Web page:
THE CONSECRATION OF ISRAEL BY COVENANT. This followed the march across the desert under the guidance of the Pillar of Cloud and Fire, and took place at the foot of the Mount of God in the third month after the departure from Egypt (Ex. 19:1). Now the Election of Israel was solemnly ratified, not merely by the sprinkling upon the People of the blood of the Covenant but by the inauguration of the Sacred Ark, which was to be the sign of Jehovah's Presence in its midst. This event, it should be noted, marked a new stage in the Divine Dispensation. Israel had been redeemed, now (after an interval) it was sanctified: it began that new life of communion with God which was to make it "a kingdom of priests and an holy nation" (Ex. 19:5-6). All this is epitomized in the oft-repeated Covenant-formula, "Ye shall be my people, and I will be your God," but its full significance is brought out best in the version given in Leviticus 26:11-12: "I will set my tabernacle among you; and my soul shall not abhor you. And I will walk among you, and will be your God, and ye shall be my people." (Cf. 2 Sam. 7:6-7. On this central feature of Covenant-religion see my book, The People and the Presence, Oxford University Press.)
THE GIFT OF THE INHERITANCE. This began with the crossing of Jordan under Joshua (according to later Israelite thought), but it was accomplished "by little and little" (Ex. 23:30-1) and was not finally consummated until the kingdom had been conferred upon David, and the Ark installed by him on Mt. Zion. Then and then only, as the Jews came to perceive (cf. Deut. 12:9-12; Ps. 78:68-72), did Israel reach the summit of its Election. Then at last the Wars of Jehovah were ended, then at last the Divine Presence could "rest" upon its holy hill. Then, in a word, the promises of God attained their final fulfillment, and the Sacred Era of his mercies came to its close.
II. The Pattern in the Prophets
From Moses to David - and, after that, apostasy, schism, and corruption; defeat, conquest, exile, servitude! This dreadful antithesis was what the Jewish Remnant [of the time of Jesus] saw all too plainly when they looked back upon the history of Israel; and it is extremely important to mark their different reactions to the tragedy. Broadly speaking, we may note three of these. At the one extreme is the despairing cry of the Preacher, (Ecclesiastes) that all is vanity and vexation of spirit, and that there is nothing new under the sun. (And let it be remembered that this Preacher claims to be - Solomon!) At the other extreme are various apocalyptic writings which, while wholly despairing of this world, look for the vindication of Israel in the world to come. Finally, between, these came the more optimistic schools of thought, which expected the "consolation of Israel" in this life but differed as to its nature (whether political or purely religious), and as to the means by which it would be effected (whether with or without a Messiah, and in the former event whether he was to spring from Judah or from Levi).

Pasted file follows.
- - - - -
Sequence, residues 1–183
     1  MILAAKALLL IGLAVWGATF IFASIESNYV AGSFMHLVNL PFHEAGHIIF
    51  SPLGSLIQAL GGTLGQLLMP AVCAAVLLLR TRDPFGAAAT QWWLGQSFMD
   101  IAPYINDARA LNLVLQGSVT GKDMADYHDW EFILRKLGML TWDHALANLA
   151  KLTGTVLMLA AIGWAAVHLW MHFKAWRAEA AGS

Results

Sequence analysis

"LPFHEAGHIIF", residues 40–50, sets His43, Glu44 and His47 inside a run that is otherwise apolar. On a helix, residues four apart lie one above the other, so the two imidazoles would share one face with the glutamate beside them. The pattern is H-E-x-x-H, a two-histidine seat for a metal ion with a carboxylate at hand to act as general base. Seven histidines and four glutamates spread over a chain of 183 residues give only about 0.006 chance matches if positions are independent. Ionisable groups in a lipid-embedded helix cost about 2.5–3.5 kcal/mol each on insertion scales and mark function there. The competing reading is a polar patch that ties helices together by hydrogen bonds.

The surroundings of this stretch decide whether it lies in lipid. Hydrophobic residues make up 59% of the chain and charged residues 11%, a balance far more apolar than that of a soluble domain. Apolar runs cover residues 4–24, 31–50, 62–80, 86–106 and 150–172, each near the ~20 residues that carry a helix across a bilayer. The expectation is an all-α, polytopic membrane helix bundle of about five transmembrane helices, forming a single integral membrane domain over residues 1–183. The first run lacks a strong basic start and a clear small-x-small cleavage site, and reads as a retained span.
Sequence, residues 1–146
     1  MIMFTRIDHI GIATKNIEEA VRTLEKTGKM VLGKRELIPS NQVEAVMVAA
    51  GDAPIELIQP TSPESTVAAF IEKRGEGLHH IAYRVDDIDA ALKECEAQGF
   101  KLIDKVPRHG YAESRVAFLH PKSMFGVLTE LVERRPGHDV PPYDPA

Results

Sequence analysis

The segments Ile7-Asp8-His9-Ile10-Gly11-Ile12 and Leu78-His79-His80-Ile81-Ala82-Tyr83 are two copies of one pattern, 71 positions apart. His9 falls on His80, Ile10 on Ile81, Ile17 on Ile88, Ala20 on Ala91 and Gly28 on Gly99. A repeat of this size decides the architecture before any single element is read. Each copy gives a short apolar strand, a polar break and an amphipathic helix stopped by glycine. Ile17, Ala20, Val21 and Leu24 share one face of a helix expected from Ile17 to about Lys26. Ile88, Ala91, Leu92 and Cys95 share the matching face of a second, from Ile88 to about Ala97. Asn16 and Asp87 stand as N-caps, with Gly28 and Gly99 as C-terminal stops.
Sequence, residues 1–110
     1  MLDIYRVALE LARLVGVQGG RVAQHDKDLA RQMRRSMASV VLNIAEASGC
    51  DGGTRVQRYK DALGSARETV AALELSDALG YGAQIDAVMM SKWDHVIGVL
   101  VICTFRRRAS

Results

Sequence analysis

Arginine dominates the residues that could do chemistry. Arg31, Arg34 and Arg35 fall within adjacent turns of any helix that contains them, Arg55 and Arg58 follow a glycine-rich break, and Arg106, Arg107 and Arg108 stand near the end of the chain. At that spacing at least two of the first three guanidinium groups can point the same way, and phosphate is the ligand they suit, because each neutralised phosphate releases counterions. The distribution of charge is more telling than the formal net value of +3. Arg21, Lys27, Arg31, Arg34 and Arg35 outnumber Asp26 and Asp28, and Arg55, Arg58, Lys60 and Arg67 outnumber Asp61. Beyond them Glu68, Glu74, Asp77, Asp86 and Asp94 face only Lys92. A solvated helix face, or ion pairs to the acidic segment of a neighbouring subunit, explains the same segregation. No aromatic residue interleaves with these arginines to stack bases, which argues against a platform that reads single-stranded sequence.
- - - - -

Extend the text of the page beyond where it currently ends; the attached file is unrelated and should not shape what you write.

But what is remarkable about all these views is not so much their diversity as their common failure to hold fast the "sure word of prophecy." This is striking enough in the single matter of the Messiah, when we consider how many passages predict a second, more glorious, David. (No doubt the reason for this was that the Seed of David had plainly suffered eclipse, and there was a natural reluctance, even in the best days of the Hasmonaeans, to seek a Messiah elsewhere.) But it is even more extraordinary that no notice seems to have been taken of those prophecies which foretold a new Redemption, a new Exodus, a new Covenant, and a new Inheritance.
Why was this? What did these prophecies mean to a Jew living in the last century before Christ? Let us study some of them, for a moment, and see what he would read.
In the later chapters of Isaiah he would find the prediction of a new deliverance from bondage, the wonders of which would recapitulate, yet surpass, the miracles of the old. There would be a new Redemption, but this time no ransom would be paid for it by Israel (Isa. 43:1-7; 52:3-6.). There would be a new Exodus, but not in haste or flight (Isa. 52:12, Ex. 12:11; 14:5). There would be a new march across the Wilderness; but now a highway would be there, and rivers of water called forth by the Rock of Israel: and he who once led it by the Pillar of Cloud and Fire would again go before his people and be its rearguard (Isa. 35: 43:19-20; 44:8; 47:20-21; 52:12 (4:5); cf. Ex. 14:19; 17:1-6; Deut. 32:4, 15, 18.).